What does the Equality Act mean in practice?
The new Equality Act has come into force, targeting discrimination across a range of issues such as age, disability and pay.
The act has been billed as something of a tidying up exercise, bringing together nine separate pieces of legislation.
However, there are some potentially significant changes that have a very real impact on employers and employees.
I've heard the act targets pay inequality - as a woman, should I be asking for a pay rise?
"Absolutely, if you have information that a male colleague is being paid more than you for doing equivalent work," says Matthew Tom, employment partner at Candey LLP.
Equal pay questionnaires can still be submitted to the employer to require them to answer specific and detailed questions about this, even though employers will not be required to publish pay information automatically.
What can I do if I'm asked about my health as part of a job interview?
The act prohibits a prospective employer from asking you about your health before offering you a job, with a small number of exceptions.
But, Mr Tom says, even if you have not been disadvantaged by this, you can still report the mere asking of unlawful questions to the Equality and Human Rights Commission to take enforcement action.
You can also raise a disability discrimination complaint if you consider that you have been less favourably treated as a result of such questions.
If I'm pregnant, disabled or from an ethnic minority, will I now find it easier to get a job?
In general terms, the new act will not make a difference given that pregnant, disabled or ethnic minority employees were already protected under the previous legislation.
However, the ban on pre-employment health questionnaires may make it easier for disabled job applicants to receive job offers, according to Richard Yeomans, partner at Addleshaw Goddard LLP.
What should I do if I feel that I am still feeling discriminated against?
There is no real change here - you should still raise grievances under the employer's policies.
Am I now free to disclose my pay to my colleagues, even if my contract says I can't?
You are allowed to discuss your pay with colleagues if this is done to find out specifically whether there is any discrepancy in pay between your wage and theirs, if you have reason to believe you are being discriminated against. Idle gossip can still be disciplined.
Is the act going to cost me anything?
Yes. According to the government, the cost to businesses of simply understanding the new legislation will be £189.2m. This is basically the cost of the hours spent getting to grips with the rules. Then there will be the cost of amending policies on issues such as harassment and disability. According to the British Chambers of Commerce, the number of claims against employers will also rise.
How can I protect myself against changes made in the act?
The act is more about tidying up legislation rather than making wholesale changes. So the same advice is relevant now as was the case before the act was introduced.
Employers should make sure they have the correct procedures in place, and that they are clearly and effectively communicated to all managers.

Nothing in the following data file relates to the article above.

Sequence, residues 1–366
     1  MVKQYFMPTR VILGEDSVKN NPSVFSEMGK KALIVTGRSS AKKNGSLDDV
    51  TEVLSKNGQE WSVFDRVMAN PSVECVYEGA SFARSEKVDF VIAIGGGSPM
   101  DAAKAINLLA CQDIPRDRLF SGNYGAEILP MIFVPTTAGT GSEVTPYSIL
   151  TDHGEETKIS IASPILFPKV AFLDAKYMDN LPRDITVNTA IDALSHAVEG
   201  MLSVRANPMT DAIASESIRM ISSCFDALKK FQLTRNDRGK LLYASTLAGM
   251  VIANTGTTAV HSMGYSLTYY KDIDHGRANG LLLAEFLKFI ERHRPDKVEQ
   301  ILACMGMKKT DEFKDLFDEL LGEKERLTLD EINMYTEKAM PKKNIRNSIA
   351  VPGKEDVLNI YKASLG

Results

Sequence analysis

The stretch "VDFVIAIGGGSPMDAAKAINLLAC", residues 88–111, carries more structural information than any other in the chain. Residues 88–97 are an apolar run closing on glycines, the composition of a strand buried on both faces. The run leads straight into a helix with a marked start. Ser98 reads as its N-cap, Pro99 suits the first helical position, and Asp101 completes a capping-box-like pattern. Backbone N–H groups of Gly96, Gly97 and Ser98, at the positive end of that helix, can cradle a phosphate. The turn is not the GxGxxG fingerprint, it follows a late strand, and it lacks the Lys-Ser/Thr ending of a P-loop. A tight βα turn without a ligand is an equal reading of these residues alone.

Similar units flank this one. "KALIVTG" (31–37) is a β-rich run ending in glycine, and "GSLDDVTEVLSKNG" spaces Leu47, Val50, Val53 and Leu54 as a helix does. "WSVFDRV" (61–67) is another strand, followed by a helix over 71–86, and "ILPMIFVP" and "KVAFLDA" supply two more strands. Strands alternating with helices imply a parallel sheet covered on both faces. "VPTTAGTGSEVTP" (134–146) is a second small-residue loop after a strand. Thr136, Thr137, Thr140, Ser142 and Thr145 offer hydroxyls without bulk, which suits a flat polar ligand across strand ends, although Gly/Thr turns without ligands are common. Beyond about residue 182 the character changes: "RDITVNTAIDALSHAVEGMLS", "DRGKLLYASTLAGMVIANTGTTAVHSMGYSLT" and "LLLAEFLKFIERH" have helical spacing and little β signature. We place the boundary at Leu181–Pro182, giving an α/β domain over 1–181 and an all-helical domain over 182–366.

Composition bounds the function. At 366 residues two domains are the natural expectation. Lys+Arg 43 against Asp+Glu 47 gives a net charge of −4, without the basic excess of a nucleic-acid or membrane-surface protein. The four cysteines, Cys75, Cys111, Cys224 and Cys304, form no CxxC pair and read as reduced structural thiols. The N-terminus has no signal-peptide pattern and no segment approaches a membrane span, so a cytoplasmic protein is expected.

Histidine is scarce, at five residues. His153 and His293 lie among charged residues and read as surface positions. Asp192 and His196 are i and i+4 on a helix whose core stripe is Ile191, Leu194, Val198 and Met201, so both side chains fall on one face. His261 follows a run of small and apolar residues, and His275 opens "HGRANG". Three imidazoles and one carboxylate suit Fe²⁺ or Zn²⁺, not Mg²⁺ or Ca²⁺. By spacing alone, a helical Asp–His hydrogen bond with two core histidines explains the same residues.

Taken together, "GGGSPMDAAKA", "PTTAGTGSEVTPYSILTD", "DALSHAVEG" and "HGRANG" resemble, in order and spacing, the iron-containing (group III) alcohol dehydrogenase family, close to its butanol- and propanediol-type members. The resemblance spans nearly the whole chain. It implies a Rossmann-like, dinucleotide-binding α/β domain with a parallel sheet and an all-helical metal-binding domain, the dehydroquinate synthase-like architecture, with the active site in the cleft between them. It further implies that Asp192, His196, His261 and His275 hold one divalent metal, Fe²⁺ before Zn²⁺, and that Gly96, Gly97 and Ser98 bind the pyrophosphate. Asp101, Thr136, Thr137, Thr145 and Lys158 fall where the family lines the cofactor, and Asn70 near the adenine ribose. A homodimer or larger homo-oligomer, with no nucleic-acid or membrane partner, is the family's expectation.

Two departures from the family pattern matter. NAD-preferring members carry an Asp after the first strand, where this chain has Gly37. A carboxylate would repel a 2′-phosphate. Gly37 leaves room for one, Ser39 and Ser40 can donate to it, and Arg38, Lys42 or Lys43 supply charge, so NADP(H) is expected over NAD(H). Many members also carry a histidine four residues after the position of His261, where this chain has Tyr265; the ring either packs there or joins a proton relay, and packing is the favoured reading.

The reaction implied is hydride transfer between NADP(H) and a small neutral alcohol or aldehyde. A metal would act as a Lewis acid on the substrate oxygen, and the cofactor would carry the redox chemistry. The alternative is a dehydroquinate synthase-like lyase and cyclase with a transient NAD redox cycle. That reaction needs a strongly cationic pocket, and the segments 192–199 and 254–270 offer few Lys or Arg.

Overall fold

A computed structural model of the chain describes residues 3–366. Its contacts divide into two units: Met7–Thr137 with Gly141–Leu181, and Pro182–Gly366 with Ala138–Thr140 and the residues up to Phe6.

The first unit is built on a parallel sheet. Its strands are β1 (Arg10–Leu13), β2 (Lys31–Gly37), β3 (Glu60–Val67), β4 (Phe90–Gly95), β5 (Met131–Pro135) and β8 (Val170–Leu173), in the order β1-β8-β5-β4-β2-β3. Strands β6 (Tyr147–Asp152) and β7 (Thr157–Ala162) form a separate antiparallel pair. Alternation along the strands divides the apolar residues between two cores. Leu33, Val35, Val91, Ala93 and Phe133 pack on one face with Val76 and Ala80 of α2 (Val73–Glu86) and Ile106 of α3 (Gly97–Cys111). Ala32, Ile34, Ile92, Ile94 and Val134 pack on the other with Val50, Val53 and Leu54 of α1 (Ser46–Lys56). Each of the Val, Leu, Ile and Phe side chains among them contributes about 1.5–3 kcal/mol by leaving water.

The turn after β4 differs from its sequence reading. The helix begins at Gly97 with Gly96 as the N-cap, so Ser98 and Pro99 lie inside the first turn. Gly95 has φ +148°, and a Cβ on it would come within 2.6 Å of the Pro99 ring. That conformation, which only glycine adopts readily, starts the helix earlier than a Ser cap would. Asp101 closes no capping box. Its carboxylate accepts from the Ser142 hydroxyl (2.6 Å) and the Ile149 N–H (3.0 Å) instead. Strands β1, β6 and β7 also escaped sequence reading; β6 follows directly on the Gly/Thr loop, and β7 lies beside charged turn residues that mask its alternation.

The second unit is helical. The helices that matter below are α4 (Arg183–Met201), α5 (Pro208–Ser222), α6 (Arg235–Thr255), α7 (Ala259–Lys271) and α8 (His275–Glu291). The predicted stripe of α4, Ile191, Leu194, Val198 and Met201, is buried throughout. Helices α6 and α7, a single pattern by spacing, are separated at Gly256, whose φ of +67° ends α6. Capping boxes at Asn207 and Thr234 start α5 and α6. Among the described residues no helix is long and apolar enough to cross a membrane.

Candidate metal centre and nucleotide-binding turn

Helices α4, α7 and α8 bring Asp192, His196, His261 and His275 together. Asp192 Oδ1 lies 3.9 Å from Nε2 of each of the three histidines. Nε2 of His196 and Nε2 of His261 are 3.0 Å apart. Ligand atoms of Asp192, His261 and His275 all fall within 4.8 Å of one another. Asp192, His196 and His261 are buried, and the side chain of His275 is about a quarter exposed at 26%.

This is particularly relevant to procedures on discrimination, grievance, discipline and termination of contracts, says Neil McCarthy, regional underwriting manager at Chubb Specialty Insurance.
These procedures must be followed, as most employee claims are successful not because of the the original grievance, but because procedures were not followed properly.
Finally, make sure you have Employment Practices Liability insurance, which is more widely available and cheaper than it used to be, says Mr McCarthy. This will cover any payouts from claims made against you.
Do I have to change my standard employment contracts?
Yes, you should review the operation of any "pay secrecy" clauses.
"You can continue to include these clauses in your contracts," says Mr Yeomans.
"However, you should not discipline employees who have discussed their pay with colleagues in order to investigate whether your pay practices are discriminatory."
For example, this could include a female employee who discusses pay with a male colleague because she is concerned that her employer pays men more than women for the same work.
Are there any benefits to my company?
The new act means there is more consistency in the different types of discrimination claims, and there is more clarity around what is and is not acceptable behaviour.
In short, there should be less confusion and you should know where you stand more clearly.
Can I expect a raft of pay rise requests?
Possibly, for while the act does not make any fundamental changes to the laws on equality, the publicity around the act - together with restrictions on pay secrecy clauses - may mean that there is an increase in equal pay claims.
However, as Mr Yeomans points out, there was already an upward trend in these types of claims.
Can I now be held liable for harassment of an employee by the third party, such as a customer?
Yes, but only "if you have failed to take reasonably practicable steps to prevent the harassment occurring," explains Mr Tom.
He says that a "three strikes" rule applies, so you can't be liable unless you know the employee has experienced third party harassment on at least two prior occasions, although not necessarily from the same source.